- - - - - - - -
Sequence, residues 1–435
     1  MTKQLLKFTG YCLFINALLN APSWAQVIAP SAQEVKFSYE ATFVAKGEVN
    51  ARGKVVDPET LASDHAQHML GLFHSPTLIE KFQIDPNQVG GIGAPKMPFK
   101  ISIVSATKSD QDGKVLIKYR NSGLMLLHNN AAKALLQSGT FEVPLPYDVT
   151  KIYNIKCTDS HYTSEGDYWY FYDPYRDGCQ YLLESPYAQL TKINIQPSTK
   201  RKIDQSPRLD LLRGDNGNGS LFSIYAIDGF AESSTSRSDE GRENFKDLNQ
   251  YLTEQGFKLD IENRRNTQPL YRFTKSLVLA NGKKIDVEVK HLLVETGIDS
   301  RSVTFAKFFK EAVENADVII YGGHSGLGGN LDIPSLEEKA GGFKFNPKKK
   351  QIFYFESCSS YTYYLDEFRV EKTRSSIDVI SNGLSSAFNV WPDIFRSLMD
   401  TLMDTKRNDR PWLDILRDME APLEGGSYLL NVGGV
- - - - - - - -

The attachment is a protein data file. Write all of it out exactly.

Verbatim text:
Sequence, residues 1–435
     1  MTKQLLKFTG YCLFINALLN APSWAQVIAP SAQEVKFSYE ATFVAKGEVN
    51  ARGKVVDPET LASDHAQHML GLFHSPTLIE KFQIDPNQVG GIGAPKMPFK
   101  ISIVSATKSD QDGKVLIKYR NSGLMLLHNN AAKALLQSGT FEVPLPYDVT
   151  KIYNIKCTDS HYTSEGDYWY FYDPYRDGCQ YLLESPYAQL TKINIQPSTK
   201  RKIDQSPRLD LLRGDNGNGS LFSIYAIDGF AESSTSRSDE GRENFKDLNQ
   251  YLTEQGFKLD IENRRNTQPL YRFTKSLVLA NGKKIDVEVK HLLVETGIDS
   301  RSVTFAKFFK EAVENADVII YGGHSGLGGN LDIPSLEEKA GGFKFNPKKK
   351  QIFYFESCSS YTYYLDEFRV EKTRSSIDVI SNGLSSAFNV WPDIFRSLMD
   401  TLMDTKRNDR PWLDILRDME APLEGGSYLL NVGGV